It’s hard to breathe when I think about it that way.
There is another community, though. It’s not the same community, exactly, although there is considerable overlap, thank God. There is a community of people who have decided to survive. The love and support we feel from other people in this burgeoning network is real. We lift one another up. I have interactions frequently with women and men who are survivors of sexual abuse, and who are committed to awareness, prevention and advocacy. They are stepping into the sunlight, and they are telling their stories.
We talk a lot about how there is no one path to healing. We all need to find our way on our own terms and in our own time. Healing, like grief, isn’t linear. It isn’t efficient. It takes the time it takes.
Can you imagine what we could accomplish if we all stood squarely inside our stories and rejected shame? If we wielded the power of our sheer numbers, 1 in 4 women, 1 in 6 men, to effect real change? We would be unstoppable. There are days when I feel like we’re on the precipice of being able to accomplish great things, and days when I wonder what our purpose should be- where should we focus? What can we really do? It seems so big. It is. It is so big.
When I wrote The Fault in my Scars, I referred to my grandfather’s other victims I was sure existed. I called them “My nameless, faceless, shattered sisters.” When I first wrote that, I didn’t know any names outside my family. Now I do. Now I know her name. I think about her all the time. I pray for her. I wish her well. We are sisters, in a sense. She likely understands things about me that some of my lifelong friends do not, and we have never met. Sitting across from her mother, knowing that her abuse did not need to happen, that it could have been prevented, is a constant dull ache I carry. I don’t know if it will ever go away.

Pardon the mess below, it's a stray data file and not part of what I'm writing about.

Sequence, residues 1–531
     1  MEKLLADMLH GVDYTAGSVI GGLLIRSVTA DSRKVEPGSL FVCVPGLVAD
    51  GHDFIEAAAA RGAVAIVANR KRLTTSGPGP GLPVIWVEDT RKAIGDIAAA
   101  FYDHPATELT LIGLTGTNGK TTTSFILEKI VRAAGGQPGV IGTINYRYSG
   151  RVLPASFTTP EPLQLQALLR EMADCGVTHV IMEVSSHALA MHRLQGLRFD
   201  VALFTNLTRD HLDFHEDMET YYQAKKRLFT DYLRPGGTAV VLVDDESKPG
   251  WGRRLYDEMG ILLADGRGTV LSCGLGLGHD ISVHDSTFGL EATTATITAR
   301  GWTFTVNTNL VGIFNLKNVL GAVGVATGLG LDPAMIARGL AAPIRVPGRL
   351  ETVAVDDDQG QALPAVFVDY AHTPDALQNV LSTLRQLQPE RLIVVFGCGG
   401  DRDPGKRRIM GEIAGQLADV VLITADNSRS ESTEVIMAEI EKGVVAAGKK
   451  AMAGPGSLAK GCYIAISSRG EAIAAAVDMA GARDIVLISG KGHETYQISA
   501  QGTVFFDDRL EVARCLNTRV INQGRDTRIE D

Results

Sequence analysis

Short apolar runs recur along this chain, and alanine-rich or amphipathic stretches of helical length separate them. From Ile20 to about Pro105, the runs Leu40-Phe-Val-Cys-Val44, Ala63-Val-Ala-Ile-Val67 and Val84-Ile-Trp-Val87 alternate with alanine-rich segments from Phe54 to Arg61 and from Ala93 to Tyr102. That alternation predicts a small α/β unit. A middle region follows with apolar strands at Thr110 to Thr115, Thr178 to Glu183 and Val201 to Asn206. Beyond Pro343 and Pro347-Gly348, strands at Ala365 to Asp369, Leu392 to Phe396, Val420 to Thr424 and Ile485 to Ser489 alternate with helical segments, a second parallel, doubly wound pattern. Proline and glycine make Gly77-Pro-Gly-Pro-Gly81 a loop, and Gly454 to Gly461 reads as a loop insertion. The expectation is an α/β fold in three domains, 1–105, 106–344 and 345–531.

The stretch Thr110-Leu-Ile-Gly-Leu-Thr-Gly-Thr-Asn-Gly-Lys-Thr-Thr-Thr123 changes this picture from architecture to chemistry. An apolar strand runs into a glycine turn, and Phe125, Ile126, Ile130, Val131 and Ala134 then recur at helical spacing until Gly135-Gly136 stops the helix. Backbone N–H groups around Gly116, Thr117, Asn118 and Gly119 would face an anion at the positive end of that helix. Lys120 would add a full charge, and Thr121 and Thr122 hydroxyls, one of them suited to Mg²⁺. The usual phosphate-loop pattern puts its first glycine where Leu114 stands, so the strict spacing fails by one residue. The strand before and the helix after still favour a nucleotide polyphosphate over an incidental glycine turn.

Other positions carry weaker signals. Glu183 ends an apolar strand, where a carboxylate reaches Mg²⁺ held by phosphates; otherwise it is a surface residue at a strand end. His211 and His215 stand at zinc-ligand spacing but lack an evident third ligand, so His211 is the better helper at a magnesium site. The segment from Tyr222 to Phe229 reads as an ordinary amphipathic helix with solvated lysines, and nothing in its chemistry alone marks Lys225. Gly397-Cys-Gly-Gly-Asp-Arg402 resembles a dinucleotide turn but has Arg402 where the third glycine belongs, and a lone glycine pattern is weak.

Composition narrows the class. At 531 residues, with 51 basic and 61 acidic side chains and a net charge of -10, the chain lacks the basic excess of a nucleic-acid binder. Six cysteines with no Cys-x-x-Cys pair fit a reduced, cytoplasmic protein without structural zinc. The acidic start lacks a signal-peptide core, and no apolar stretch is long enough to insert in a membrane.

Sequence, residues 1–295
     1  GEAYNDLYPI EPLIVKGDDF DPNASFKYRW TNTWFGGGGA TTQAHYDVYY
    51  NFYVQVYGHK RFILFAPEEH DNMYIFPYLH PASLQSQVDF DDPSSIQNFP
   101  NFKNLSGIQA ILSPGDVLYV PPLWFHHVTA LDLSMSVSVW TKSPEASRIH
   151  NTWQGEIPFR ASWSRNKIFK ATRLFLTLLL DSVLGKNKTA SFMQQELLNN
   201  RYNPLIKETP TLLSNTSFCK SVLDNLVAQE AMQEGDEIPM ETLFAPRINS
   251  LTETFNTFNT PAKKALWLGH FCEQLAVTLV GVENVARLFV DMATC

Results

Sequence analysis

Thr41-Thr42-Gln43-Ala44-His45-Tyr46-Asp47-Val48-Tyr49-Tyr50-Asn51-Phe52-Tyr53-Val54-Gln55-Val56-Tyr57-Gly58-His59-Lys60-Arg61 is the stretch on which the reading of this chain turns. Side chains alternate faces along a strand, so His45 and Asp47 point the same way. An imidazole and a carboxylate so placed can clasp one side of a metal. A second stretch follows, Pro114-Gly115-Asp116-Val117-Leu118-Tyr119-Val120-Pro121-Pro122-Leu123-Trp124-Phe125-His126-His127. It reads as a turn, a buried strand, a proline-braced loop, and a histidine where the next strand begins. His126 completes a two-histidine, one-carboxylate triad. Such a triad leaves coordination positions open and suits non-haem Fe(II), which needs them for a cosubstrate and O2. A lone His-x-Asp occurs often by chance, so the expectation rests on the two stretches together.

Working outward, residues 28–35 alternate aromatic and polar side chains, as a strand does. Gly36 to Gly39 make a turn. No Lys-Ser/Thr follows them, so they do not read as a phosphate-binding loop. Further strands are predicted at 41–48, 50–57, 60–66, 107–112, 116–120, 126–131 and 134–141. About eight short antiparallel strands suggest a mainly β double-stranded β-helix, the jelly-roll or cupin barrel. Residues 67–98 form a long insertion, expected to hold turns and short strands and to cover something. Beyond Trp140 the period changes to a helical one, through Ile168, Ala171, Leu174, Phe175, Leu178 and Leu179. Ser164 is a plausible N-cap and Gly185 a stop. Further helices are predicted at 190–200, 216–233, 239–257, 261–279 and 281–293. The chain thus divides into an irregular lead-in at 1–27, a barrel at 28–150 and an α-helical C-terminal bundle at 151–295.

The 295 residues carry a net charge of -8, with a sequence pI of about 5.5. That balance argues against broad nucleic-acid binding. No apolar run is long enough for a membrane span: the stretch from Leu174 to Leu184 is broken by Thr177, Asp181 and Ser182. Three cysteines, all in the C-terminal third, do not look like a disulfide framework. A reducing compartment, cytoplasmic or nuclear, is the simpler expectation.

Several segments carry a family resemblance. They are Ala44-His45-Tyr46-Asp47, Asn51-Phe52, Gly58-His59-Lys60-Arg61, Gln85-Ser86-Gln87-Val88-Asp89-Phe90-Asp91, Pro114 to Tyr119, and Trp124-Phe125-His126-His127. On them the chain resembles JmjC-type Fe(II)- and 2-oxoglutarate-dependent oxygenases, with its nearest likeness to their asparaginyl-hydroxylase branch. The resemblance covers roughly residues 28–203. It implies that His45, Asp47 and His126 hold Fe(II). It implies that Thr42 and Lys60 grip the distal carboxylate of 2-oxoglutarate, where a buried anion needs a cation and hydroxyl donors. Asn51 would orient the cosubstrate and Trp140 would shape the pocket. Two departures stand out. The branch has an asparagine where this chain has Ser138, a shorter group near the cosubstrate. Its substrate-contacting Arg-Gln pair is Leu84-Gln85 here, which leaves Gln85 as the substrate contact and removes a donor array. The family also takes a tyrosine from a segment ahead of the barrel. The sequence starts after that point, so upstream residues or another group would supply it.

We have brothers and sisters all over the world now, our life stories pieced together like a quilt, connected by a thread that none of us asked for, none of us welcomed. We’re a patchwork of patched up people. Scars and wounds, some stitched closed, some still gaping. It reminds me of a type of quilt called a charm quilt- they are made of many small pieces of fabric where each piece is a different pattern or material. The idea is to have a scrap-pieced top with no two pieces alike. Close up it might be a little hard for some to appreciate the beauty, but taken in as a whole it’s astounding.
It is said that during the Civil War the Underground Railroad used quilts to help slaves escape to freedom. Quilts would be hung outside safe houses with warnings and directions in the form of patterns and squares. Gather your tools, danger, kind woman, and my favorite, the North Star. Historians bicker about whether or not this is factual, or a romantic tale spun to tell a larger truth. I honestly don’t much care. I want it to be true.
Maybe the jacked up, patchwork masterpiece that is our communal story is meant to serve as a North Star to those who’ve not yet begun down the long, daunting path toward healing. Maybe that is the gift that bringing our stories out into the sunshine and using that dark thread to stitch them together can bring about. We can look at them as seams or scars. Either way, they bind us to one another.
Gather your tools. This is a safe house. Rest a while. Keep going. Hang on. Both hands.
Freedom lies that way.